Saturday, July 28, 2007

Monks on a Mountain

My second weekend with Danomi, we went to Koyasan, a sacred mountain in Wakayama prefecture about 2 hours by train from Osaka. It was another destination that was on the top of my list. Unfortunately, Julian was sick so he wasn't able to join us. Even though it was the middle of May, it was cold in Koyasan. We wore jackets and scarves.

The train ride from Osaka to Koyasan is beautiful. It's a slow ride through the mountains. Once we arrived at the bottom of Koyasan, we had to take a cable car to the top. It's as steep as a roller coaster and is a very slow ride up but it only takes about 5 minutes to get to the top.
Koyasan is the headquarters for the Shingon Budhism sect. The priest Kukai or Kobo Daishi founded the place twelve centuries ago in the early 800's. Situated on top of the mountain is a complex of temples, halls, pagodas and statues. There are over 120 temples and at least half of them provide lodgings and vegetarian meals for visitors and pilgrims. We stayed at Rengejo-in temple.

We got there late in the afternoon, so we decided to walk around for a bit before dinner.
At the temple lodging, we went to an evening meditation in their shrine. I can definitely cross off Buddhist monk from my list of possible future jobs. The meditation was about 45 minutes long, but I was so happy and excited to be in Koyasan that I couldn't stop thinking or quiet my mind, so I shifted a lot.

Dinner was included with our stay at the temple. Koyasan is known for their vegetarian cooking and sesame tofu. It was delicious. There were many young monks in training helping around the temple, serving us food and drinks and preparing our rooms.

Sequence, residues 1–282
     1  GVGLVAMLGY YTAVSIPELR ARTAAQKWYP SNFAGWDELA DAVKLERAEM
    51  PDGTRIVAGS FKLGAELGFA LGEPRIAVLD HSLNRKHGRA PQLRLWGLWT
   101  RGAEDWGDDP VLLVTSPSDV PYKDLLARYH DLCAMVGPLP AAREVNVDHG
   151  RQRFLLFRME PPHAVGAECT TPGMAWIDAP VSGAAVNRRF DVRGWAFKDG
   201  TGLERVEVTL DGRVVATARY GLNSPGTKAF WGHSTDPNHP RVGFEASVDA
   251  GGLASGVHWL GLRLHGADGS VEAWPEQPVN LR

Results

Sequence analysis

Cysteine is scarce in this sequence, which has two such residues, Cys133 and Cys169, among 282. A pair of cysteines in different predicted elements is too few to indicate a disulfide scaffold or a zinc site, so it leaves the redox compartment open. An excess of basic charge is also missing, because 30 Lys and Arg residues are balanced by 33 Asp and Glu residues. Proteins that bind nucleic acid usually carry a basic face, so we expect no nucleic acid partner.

The mother of the chief priest, stopped by during dinner and told us about herself, a bit of history about Koyasan and the temple. She is 87 years old and had lived in that temple for over 60 years. She talked about the war years, not having a lot of food and the temples being in disrepair. She also talked about the history of Koyasan and monk life. Before the war she had studied English literature at a university in Tokyo, but she moved back to Koyasn when the war broke out. Her English was excellent.
After dinner, we took a long hot bath and went to bed early. The next morning, we got up for the 6am morning prayer service. I was told that sometimes, the head priest translates the service into English, if there's enough of a demand. There were a group of around 30-40 Japanese pilgrims staying at the temple, so they conducted the service in Japanese. It was really amazing. I've never had an opportunity to attend a Buhddist prayer service, so I really enjoyed the experience. Mostly we sat, watched and listened to the monks and priest chant. The shrine is dark and has many candles and ornaments. It's really beautiful.

After we checked out of the temple, we headed to the cemetery. There are anywhere between 200 to 500,000 graves in the cemetery which is in a cedar forest. It's a really beautiful and quiet setting. We walked around for 2 to 3 hours.

At the end of the cemetery there is a temple with thousands of lanterns and behind there is Kobo Daiashi's grave or as I've heard and read his eternal meditation place. We were not allowed to take pictures. There were a lot of pilgrims praying by his resting place.

In another part of the cemetery, there were graves from companies such as Nissan, a famous coffee brand place and this rocket ship, but I'm not sure who is buried there or the purpose of a corporate grave. Some even have boxes where you can leave your business card.

Koyasan is well worth a visit especially if you are interested in getting a glimpse into monastic life.


Tinz said...

Seems like a really interesting place to visit.

Gwynne said...

That place looks totally rad.